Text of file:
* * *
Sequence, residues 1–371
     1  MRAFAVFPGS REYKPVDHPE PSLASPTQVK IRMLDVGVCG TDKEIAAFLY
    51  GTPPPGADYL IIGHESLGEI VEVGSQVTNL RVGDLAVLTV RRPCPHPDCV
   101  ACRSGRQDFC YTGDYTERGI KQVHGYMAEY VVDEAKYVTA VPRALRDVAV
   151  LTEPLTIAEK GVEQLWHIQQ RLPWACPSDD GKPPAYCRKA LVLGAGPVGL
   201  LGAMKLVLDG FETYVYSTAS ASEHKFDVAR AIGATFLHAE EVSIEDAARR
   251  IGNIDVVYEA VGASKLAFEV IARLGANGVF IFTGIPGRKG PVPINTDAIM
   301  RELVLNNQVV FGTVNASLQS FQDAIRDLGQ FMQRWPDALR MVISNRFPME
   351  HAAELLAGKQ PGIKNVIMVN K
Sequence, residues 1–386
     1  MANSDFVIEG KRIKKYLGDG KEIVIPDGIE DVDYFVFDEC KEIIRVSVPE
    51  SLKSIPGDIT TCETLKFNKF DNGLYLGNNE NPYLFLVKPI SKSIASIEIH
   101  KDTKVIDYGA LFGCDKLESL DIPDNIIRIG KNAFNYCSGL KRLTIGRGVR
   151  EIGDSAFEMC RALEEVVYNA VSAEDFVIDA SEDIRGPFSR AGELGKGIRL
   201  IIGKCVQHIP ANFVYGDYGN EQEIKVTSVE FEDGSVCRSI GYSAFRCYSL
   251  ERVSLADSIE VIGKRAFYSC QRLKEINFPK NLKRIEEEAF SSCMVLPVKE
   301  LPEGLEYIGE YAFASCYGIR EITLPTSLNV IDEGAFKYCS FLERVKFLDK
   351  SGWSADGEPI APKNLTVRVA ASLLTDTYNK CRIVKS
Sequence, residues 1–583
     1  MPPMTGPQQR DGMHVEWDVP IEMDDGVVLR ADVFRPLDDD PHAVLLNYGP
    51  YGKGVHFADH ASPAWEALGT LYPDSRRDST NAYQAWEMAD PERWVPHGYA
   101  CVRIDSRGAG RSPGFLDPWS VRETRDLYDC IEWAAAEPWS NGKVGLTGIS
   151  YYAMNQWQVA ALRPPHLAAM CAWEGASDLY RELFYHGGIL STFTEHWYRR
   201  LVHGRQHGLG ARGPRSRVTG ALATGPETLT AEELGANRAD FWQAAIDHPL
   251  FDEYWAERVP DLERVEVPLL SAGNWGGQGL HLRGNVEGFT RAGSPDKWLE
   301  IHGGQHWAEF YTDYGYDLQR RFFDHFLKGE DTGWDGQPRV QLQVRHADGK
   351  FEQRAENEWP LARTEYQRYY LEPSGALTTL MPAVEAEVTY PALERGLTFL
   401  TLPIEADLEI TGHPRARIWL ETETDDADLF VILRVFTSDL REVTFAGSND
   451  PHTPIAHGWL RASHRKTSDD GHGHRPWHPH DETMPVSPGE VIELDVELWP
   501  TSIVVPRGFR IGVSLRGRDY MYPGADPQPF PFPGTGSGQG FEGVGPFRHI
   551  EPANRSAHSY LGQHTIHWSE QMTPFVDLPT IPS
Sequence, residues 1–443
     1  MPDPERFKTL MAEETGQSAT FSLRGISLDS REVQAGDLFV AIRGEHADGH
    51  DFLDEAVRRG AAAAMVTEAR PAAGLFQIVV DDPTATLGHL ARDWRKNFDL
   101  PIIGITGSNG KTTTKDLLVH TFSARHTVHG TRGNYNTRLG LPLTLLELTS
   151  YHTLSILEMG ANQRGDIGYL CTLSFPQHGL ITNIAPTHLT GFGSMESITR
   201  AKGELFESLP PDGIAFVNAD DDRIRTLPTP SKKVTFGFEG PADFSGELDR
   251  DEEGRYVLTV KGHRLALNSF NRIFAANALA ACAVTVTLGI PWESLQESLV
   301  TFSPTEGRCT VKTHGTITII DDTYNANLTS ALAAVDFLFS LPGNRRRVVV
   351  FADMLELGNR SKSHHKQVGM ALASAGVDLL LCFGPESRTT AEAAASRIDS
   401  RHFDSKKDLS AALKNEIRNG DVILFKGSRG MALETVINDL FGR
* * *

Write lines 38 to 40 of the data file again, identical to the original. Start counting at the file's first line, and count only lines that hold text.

   251  DEEGRYVLTV KGHRLALNSF NRIFAANALA ACAVTVTLGI PWESLQESLV
   301  TFSPTEGRCT VKTHGTITII DDTYNANLTS ALAAVDFLFS LPGNRRRVVV
   351  FADMLELGNR SKSHHKQVGM ALASAGVDLL LCFGPESRTT AEAAASRIDS